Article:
We cannot cope with randomness
We, as a species, are unable to deal with randomness. This manifests itself, among other things, in our clinging to a higher power or will, a design or a master plan in the world. We feel that it would somehow demean us if we conceded that, for example, we or humans in general exist as a result of highly unlikely random events rather than as a result of some necessity.
As an aside, let us, for the moment, forget about the question whether the Universe is deterministic, which would mean that there is a master plan. Even if it is, with our current knowledge and tools, we cannot determine it sufficiently to predict, for example, individual actions or thoughts.
Our thinking is teleological: that is, we seek a purpose in everything, even though every fact appears to point to its precise lack.
Is, for example, the fact that most organisms around us devote most of their time and energy to reproduction a result of a sentence in Genesis? Cannot one argue that in any population where some living organisms focus on creating offspring, and others do not, the former will soon crowd out and finally destroy the latter? Looking at the overall population a few million years later, as we do, we will hardly see any exception to the reproduction rule. Or, to take another example of teleology, what would we think of Douglas Adams’s famous sentient puddle, who gets convinced of the existence of a deity because he fits his hole so well it must have been designed for him?
But our inability to grasp randomness does not end here. There is also our sense of justice. It is unusually hard for us to accept that random bad things can happen to otherwise good people. While it is natural and laudable for everyone witnessing an unfortunate accident to wonder what could have been done to prevent it — for example, lock your doors, drive at an appropriate speed, and so on —, we usually go further than that, and, deep down, remain sure that the victim must have done something to deserve what had happened.
It is not difficult to see this kind of thinking in action: take one of the worst crimes, rape. Who has not heard that the victim ‘had it coming,’ encouraging healthy males by lewd behavior and scant clothing?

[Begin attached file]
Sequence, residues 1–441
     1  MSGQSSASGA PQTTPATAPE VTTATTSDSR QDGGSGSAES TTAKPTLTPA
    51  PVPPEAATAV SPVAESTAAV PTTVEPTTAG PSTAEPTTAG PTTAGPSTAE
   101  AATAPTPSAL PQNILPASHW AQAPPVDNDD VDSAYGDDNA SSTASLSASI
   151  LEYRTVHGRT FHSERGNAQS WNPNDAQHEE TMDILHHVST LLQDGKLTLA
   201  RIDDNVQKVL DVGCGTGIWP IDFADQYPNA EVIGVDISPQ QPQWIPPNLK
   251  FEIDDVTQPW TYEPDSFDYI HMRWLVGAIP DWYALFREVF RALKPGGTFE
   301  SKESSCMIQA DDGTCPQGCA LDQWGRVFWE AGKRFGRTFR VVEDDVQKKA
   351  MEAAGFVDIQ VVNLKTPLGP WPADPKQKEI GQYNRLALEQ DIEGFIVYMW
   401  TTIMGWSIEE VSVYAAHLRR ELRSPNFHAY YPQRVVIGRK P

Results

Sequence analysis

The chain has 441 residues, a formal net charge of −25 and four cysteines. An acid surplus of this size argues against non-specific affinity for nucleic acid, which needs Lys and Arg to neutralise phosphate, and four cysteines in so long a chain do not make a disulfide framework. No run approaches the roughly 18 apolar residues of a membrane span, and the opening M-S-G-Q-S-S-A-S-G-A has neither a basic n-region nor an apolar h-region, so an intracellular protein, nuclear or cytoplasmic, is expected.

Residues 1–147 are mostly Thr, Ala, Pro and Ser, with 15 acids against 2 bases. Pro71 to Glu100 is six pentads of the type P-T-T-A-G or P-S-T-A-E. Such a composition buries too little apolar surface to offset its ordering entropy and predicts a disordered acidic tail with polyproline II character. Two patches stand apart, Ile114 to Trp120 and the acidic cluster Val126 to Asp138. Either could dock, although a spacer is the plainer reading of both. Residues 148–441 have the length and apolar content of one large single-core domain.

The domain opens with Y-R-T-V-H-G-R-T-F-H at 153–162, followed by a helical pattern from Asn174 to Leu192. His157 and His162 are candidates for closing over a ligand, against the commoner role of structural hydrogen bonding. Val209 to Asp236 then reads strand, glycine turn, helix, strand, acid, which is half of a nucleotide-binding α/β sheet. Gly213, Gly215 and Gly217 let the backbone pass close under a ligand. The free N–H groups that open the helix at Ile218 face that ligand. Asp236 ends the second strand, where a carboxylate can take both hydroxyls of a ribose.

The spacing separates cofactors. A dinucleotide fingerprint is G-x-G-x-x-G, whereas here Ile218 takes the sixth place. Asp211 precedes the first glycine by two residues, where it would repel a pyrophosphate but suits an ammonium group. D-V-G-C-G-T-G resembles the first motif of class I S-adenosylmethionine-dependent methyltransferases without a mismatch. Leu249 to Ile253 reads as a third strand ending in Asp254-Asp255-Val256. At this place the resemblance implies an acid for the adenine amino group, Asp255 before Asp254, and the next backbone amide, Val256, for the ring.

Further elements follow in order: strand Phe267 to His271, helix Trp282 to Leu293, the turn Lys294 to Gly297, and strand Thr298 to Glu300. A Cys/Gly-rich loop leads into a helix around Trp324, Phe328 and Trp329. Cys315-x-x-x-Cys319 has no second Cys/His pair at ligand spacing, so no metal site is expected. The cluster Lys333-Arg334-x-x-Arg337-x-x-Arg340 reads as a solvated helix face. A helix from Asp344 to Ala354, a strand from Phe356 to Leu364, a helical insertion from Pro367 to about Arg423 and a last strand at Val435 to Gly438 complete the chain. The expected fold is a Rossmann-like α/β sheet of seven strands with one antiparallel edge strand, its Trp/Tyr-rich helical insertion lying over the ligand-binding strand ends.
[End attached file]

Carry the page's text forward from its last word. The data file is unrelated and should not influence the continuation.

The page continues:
And then, last but not least, there are the games of chance. I hope no one thinks that anyone would spend real money on horses, blackjack, lottery or fruit machines unless they believed in lucky streaks and third time’s the charm, almost deliberately turning a blind eye to the fact that one draw, deal or race has, or at least is supposed to have, no effect whatsoever on the next.
A related phenomenon are the self-help books that say that the sure way of achieving or getting something is willing it to happen, or imagining that we already have it.
In my opinion, this technique works because it pretends that there is agency where in reality there is none; it pretends that we have total control and responsibility over something where we probably do not. If we do not get the desired thing in the end, it was because we did not really want it; if we did, it was because we did. We no longer need to face the randomness of our environment, as we supposedly have complete ability to act and control.
But it is clear that this is little more than victim-blaming directed against ourselves, where we would rather blame ourselves for not being successful than to face an inherently unpredictable and unjust world.
Randomness is a beautiful and liberating thing. We need to stop believing that our thoughts or wishes can alter the course of events, or that anything has happened, ever, with us humans in mind, and the world will be a better place to live in.